Caselaw Chitchat: “Aereo and Arguendo with John Collins”

Listen to the Copyright On! Podcast Episode 3 — it’s a Caselaw Chitchat with John Collins of the theater company Elevator Repair Service! John is a self-described Supreme Court nerd who went so far as to create Arguendo, a surreal, verbatim reenactment of the oral arguments in Barnes v. Glen Theatre, a Supreme Court case about the free speech rights of erotic dancers.

You can listen to it here even before it appears on iTunes! Enjoy!

 

And for more about Arguendo, watch this trailer for their show:

 

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Why Bother with Canadian Copyright Registration?

A question from a friend about Canadian copyright registration:
Hey, Brit!I’ve got a question for you.

In Canada, the Canadian Intellectual Property Office is where people can register patents, trademarks, copyrights and industrial designs. I don’t know how good their non-‘copyright registration’ services are. This is a question about copyright registration.

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Audio Casebook: ABC v. Aereo (S.Ct. 2014) (broadcast television DVR)

Listen to the Audio Casebook: ABC v. Aereo (S.Ct. 2014) (broadcast television DVR)

 

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Aere-no! The broadcasters win. The new “commercial objective” standard of copyright analysis.

Following the live blog, the bullet points were posted as the decision was being handed down, and upon a quick reading of the case shortly thereafter.

  • The transmission from Aereo to its customer is an infringing public performance.
  • Crazy copyright lineup: Breyer writes for the majority, with Scalia, Thomas and Alito dissenting.Aereo basically set up a cable company, in spite of the “behind-the-scenes technological differences”
  •  The Supreme Court sides with the Ninth Circuit on a copyright case — fancy that!

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Sendee Beware: Receiving DMCA Takedown Requests

Rosen v. Global Net (C.D.C.A. June 20, 2014)

Daisy Fuentes, photographed by Plaintiff Barry Rosen

A cautionary tale. DMCA takedown notices are complete when they are sent to the designated agent, not when (or if) they are received. Global Net listed contact information for DMCA takedowns, and Barry Rosen emailed and faxed one for unauthorized posting of his photographs of a few celebrities (Amy Weber, Daisy Fuentes, and Gena Lee Nolin). Global Net never took down the photos, and Rosen sued (more…)

Prediction on ABC v. Aereo

I figured I’d port over this conversation I had on Facebook with my friend Bradley offering half of a prediction on ABC v. Aereo:
Bradley Glenn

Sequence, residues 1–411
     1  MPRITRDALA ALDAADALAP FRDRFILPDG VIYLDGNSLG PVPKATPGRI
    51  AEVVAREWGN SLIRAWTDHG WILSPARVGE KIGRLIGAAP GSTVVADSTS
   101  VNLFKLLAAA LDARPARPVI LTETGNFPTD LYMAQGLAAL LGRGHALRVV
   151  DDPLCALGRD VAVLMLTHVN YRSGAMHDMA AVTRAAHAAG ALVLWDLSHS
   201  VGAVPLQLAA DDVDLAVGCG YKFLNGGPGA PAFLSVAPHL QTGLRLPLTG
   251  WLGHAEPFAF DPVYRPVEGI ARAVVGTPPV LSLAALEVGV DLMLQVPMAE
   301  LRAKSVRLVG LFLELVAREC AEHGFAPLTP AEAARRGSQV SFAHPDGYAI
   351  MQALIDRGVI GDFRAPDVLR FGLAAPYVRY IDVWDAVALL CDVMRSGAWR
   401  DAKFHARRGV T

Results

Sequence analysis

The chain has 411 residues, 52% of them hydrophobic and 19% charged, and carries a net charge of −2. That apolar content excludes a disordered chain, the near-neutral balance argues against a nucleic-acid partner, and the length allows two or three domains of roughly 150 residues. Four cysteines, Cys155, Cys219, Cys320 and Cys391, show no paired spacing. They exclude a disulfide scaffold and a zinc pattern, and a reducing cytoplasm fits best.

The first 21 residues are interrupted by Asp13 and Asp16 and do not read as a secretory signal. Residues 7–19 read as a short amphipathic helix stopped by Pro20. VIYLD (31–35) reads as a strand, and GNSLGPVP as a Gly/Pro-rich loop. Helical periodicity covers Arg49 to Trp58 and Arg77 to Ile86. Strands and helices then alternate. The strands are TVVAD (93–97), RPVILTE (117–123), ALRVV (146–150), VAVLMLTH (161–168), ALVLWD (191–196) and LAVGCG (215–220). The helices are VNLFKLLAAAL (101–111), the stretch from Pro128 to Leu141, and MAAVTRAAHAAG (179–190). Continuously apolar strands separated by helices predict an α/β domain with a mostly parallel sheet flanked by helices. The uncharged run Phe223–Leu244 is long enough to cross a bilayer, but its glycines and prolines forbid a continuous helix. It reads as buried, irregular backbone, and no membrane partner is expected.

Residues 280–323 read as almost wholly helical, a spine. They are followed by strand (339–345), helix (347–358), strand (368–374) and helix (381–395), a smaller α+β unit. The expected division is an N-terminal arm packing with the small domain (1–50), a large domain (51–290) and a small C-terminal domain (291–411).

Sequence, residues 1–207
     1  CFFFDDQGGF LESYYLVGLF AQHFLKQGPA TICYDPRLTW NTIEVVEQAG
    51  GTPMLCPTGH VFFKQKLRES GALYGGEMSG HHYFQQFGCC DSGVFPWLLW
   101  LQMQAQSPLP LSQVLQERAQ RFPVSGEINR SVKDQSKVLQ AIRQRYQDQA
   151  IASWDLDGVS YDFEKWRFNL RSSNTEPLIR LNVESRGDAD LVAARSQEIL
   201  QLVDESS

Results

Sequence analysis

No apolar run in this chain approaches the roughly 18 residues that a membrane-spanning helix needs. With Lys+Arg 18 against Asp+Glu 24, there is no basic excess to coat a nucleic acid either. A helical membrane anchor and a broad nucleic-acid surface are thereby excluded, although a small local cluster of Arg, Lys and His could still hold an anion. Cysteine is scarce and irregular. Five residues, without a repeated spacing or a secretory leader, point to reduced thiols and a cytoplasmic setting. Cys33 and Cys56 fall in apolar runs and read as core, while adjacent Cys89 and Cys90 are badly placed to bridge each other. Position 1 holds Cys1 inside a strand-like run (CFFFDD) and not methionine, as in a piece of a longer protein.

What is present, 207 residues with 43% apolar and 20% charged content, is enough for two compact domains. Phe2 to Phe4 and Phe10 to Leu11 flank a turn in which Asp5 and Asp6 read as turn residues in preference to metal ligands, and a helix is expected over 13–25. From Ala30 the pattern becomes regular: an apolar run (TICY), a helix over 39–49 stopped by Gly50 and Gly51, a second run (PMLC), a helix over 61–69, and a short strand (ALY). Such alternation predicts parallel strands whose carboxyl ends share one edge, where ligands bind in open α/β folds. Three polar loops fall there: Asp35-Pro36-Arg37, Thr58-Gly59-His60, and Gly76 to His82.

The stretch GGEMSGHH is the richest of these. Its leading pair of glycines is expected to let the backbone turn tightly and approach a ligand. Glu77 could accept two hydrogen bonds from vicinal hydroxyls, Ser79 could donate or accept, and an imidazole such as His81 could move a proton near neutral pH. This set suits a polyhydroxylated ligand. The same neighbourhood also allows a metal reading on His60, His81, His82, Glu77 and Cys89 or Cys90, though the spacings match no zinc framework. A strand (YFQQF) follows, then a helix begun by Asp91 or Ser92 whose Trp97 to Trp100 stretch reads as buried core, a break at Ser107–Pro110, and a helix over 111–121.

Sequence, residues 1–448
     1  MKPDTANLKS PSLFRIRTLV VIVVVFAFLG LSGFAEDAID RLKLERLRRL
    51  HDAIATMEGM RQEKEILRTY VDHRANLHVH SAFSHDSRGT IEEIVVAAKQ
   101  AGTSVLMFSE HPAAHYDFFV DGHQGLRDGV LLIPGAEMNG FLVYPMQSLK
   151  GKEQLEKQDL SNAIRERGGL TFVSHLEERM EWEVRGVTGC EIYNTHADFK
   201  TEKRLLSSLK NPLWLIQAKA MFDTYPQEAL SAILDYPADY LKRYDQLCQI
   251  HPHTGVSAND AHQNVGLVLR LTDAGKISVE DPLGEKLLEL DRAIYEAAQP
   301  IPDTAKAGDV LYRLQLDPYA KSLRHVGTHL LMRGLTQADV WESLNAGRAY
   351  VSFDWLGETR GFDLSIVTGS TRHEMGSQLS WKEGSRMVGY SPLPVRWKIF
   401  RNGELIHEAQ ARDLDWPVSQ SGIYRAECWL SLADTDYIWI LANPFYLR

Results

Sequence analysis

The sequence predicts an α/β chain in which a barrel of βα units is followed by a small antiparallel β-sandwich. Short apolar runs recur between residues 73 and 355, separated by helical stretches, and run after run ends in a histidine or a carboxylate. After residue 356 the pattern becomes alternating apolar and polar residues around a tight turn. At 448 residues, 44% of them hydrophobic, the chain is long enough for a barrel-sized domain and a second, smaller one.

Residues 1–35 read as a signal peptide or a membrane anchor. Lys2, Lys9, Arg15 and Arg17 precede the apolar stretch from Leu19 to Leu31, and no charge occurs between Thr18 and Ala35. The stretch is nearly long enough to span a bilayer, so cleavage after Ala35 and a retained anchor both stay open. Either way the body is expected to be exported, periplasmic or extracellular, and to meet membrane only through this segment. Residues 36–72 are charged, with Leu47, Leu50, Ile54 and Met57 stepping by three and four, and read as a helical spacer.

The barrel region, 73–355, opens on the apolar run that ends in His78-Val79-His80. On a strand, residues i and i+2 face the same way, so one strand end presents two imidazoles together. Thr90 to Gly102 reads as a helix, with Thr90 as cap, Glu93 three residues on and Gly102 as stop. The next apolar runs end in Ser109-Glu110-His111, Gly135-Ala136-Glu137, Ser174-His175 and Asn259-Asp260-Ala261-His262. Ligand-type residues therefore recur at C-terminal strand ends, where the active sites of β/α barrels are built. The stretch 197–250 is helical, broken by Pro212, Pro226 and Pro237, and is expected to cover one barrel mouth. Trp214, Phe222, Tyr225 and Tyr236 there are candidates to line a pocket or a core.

so Britton, in your opinion the broadcasters will win?

Britton Payne
I think Aereo is right on the law, but most people seem to think it will be a very limited ruling that smacks down Aereo while allowing cloud computing and storage to persist without upsetting copyright law. The three issues most likely to decide the case are 1. does the distribution from Aereo to its customer violate the “transmit clause,” 2. is Aereo or the customer the volitional actor, or 3. some public policy thing predicated on the deal broadcast networks have with the government to use the public airwaves. We’ll know soon enough!

The “Used” Digital Music Case

You can sell your used records, books, and other copies of creative works without needing permission from the copyright owner of those works. This is the “first sale” doctrine (17 U.S.C. §109), and has been the law of the land for over a century. In the Internet age, songs and other works are bought and distributed digitally, and may never exist in a traditional physical form like a CD or cassette tape. Does the first sale doctrine still exist for digital works? Capitol Records, LLC v. ReDigi Inc., 934 F. Supp. 2d 640 (S.D.N.Y. 2013) takes a look at the issue, and explores the cutting edge of the first sale doctrine.

The “Used” Digital Music Case

Capitol Records, LLC v. ReDigi Inc., 934 F. Supp. 2d 640 (S.D.N.Y. 2013)

The Facts

  • A New Kind of Used Record Store
    Music is now bought and sold digitally. ReDigi set up a marketplace for selling “used” digital songs. It removes the song from the seller’s iTunes account, “migrates” it to the ReDigi Cloud Locker, where it can be sold on the ReDigi marketplace.

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The Cardinals Paintings Case

Franklin Mint Corp. v. Nat’l Wildlife Art Exch., 575 F.2d 62 (3d Cir. 1978)

CardinalsOnAppleBlossomThe Facts

  • Paint Me a Cardinal
    In 1972, Ralph H. Stewart wanted to start the National Wildlife Art Exchange, to commission and sell limited edition wildlife prints. Stewart hired the big deal wildlife artist Albert Earl Gilbert (http://albertearlgilbert.com/) to paint a watercolor of cardinals, based on normal source materials like photos, sketches, and two stuffed cardinals to study for his cardinal painting. Gilbert made the painting “Cardinals on Apple Blossom.”
  • Falling Out
    Gilbert and National Wildlife had a falling out, leading to some question about the ownership of the rights in the painting. (more…)